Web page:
An English village is occupied by disguised German paratroopers as an advance post for a planned invasion.

Director:

Alberto Cavalcanti (as Cavalcanti)

Writers:

Graham Greene (story), John Dighton (story and screenplay) | 2 more credits »
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Cast

Cast overview, first billed only:
Leslie Banks ... Oliver Wilsford
C.V. France ... The Vicar
Valerie Taylor ... Nora
Marie Lohr ... Mrs. Fraser
Harry Fowler ... Young George
Norman Pierce Norman Pierce ... Jim Sturry
Frank Lawton ... Tom Sturry
Elizabeth Allan ... Peggy
Thora Hird ... Ivy
Muriel George ... Mrs. Collins
Patricia Hayes Patricia Hayes ... Daisy
Mervyn Johns ... Charlie Sims
Hilda Bayley Hilda Bayley ... Cousin Maud
Edward Rigby ... Bill Purvis
Johnnie Schofield Johnnie Schofield ... Joe Garbett (as Johnny Schofield)
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Storyline

The residents of a British village during WWII welcome a platoon of soldiers who are to be billeted with them. The trusting residents then discover that the soldiers are Germans who proceed to hold the village captive. Written by Steve Crook <steve@brainstorm.co.uk>

Plot Summary | Plot Synopsis

Taglines:

Acclaimed by Every Critic

Genres:

Thriller | War

Certificate:

Approved | See all certifications »

Parents Guide:

View content advisory »
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Did You Know?

Trivia

Mrs Collins' village store was specially constructed for the film in the village of Turville. See more »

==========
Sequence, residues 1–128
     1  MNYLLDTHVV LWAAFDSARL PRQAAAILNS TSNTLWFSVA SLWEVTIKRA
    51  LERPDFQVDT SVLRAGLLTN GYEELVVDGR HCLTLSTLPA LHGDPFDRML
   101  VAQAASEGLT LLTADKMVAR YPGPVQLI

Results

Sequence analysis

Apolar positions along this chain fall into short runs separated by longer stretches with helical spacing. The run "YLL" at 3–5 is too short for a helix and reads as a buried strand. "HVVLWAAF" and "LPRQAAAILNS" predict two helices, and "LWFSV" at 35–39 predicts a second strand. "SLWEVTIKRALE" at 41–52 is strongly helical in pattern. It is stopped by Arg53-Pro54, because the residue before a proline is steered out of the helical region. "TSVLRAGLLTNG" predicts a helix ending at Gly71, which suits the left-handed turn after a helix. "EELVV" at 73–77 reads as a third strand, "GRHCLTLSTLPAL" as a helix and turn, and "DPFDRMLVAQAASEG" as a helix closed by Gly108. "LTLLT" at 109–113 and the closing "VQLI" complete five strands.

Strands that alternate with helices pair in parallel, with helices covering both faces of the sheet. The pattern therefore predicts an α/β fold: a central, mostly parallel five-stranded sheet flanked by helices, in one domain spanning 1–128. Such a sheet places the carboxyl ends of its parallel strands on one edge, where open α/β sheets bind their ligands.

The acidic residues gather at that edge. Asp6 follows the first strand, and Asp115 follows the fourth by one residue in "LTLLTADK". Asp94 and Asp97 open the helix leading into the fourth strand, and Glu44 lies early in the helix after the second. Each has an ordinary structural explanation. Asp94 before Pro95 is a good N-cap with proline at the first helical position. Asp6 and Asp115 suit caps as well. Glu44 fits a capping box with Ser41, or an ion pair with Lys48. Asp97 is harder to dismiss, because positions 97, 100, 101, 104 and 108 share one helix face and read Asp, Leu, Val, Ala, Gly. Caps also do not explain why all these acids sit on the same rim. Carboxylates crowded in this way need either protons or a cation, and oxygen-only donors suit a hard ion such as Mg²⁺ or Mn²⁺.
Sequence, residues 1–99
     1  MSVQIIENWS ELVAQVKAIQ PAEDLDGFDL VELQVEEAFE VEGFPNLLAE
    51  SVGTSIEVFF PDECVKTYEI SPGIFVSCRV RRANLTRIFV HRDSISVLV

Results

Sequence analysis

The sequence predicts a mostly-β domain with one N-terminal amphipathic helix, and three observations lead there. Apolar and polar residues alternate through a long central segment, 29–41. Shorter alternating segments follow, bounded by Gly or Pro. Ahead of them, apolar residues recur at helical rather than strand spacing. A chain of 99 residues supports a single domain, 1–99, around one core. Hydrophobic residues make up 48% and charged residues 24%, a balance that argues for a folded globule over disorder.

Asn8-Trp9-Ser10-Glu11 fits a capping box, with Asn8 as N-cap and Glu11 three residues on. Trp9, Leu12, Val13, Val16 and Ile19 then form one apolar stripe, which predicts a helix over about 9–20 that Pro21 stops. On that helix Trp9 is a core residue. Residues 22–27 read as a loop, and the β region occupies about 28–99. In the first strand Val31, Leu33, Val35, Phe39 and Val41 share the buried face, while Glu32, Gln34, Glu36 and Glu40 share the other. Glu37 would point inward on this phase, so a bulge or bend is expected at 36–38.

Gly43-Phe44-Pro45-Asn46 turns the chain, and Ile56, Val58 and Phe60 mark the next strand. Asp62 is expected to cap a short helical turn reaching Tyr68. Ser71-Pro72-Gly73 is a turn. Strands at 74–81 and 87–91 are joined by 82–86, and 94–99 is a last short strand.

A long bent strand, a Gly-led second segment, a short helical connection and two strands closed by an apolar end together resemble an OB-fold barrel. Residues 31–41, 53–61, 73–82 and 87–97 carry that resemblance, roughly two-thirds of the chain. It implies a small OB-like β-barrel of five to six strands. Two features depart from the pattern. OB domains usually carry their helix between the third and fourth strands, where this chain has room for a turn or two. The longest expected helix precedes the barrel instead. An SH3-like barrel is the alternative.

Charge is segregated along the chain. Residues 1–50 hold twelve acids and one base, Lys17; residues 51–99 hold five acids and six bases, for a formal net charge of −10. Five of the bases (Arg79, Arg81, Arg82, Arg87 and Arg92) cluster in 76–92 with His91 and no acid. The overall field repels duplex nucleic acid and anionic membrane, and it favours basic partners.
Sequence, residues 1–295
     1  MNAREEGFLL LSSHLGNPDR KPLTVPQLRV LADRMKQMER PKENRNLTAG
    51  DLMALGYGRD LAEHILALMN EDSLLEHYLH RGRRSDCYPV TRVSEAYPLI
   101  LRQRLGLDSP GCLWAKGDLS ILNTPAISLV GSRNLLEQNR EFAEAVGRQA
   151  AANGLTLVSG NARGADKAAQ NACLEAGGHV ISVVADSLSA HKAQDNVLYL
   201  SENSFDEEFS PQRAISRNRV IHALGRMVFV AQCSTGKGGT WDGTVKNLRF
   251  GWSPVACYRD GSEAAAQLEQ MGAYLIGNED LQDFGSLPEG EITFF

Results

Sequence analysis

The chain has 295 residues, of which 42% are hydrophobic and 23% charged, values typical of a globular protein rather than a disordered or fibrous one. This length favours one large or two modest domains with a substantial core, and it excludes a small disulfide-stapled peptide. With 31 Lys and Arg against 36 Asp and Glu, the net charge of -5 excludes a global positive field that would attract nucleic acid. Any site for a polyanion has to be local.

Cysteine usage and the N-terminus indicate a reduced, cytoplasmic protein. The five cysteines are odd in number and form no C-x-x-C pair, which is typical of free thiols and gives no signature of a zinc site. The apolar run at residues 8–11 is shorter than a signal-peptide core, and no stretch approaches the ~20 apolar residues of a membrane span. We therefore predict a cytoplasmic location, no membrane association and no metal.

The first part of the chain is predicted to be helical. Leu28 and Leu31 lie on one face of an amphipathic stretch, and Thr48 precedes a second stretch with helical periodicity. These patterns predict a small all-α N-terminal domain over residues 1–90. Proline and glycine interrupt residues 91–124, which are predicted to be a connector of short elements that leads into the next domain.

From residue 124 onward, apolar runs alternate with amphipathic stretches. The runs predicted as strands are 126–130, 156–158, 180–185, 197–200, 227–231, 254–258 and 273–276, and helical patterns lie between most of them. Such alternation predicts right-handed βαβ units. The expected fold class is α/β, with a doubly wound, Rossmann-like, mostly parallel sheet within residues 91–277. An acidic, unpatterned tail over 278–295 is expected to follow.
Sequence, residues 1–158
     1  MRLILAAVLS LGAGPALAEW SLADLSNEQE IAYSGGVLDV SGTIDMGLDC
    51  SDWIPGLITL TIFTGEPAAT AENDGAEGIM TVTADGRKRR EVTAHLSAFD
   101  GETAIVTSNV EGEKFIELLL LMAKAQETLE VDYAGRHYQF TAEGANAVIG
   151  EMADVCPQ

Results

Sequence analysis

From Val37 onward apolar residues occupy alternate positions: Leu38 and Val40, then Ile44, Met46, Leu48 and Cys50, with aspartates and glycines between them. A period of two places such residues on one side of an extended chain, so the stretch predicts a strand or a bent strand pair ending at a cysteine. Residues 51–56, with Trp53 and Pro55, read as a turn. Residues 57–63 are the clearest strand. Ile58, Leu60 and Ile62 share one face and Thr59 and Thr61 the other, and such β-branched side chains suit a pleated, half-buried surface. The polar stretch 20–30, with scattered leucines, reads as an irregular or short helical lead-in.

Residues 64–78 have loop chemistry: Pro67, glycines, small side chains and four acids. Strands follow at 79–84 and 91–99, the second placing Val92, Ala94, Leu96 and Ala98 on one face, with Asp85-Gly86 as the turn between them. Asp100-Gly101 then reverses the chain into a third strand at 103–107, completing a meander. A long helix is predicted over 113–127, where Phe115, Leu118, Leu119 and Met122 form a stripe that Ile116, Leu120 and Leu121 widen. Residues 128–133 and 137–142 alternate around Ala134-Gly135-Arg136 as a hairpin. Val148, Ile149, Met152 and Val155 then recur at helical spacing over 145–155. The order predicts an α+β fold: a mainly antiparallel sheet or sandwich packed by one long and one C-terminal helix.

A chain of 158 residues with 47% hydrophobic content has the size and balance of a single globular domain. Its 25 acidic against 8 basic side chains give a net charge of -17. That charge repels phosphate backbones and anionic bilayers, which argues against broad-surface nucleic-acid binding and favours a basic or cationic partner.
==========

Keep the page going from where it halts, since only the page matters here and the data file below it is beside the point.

Goofs

When Mrs. Collins delivers the telegram, the way she holds her handbag changes. See more »

Quotes

[Germans are firing at the Manor House]
Charles Sims, the church warder: Duck madam, duck.
Mrs Fraser: I am ducking.
See more »

Crazy Credits

(after credits) ... and men of The Gloucestershire Regiment By kind permission of The War Office See more »

Connections

Featured in TCM Guest Programmer: 20 Fan Programmers (2014) See more »

Soundtracks

There'll Always Be an England
(uncredited)
Written by Ross Parker & Hugh Charles
Heard on the radio after dinner at the Manor House
See more »

User Reviews

 
Superb British Propaganda Film
11 December 2002 | by glennwalsh44See all my reviews

I have only managed to see 'Went The Day Well' twice and it is an absolute gem, but one that probably wouldn't appeal to many people nowadays. The events are believable and I am sure this film was very effective as wartime propaganda. Superior to 'The Eagle Has Landed,' which definitely shares many elements, starting with the soldiers graves at the beginning of the films. Excellent stuff.


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Details

Country:

UK

Language:

English | German

Release Date:

28 June 1944 (USA) See more »

Also Known As:

Went the Day Well? See more »

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Box Office

Opening Weekend USA:

$7,849, 22 May 2011

Gross USA:

$47,214

Cumulative Worldwide Gross:

$47,214
See more on IMDbPro »

Company Credits

Production Co:

Ealing Studios See more »
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Technical Specs

Runtime:

Sound Mix:

Mono (RCA Sound System) (as RCA)

Aspect Ratio:

1.37 : 1
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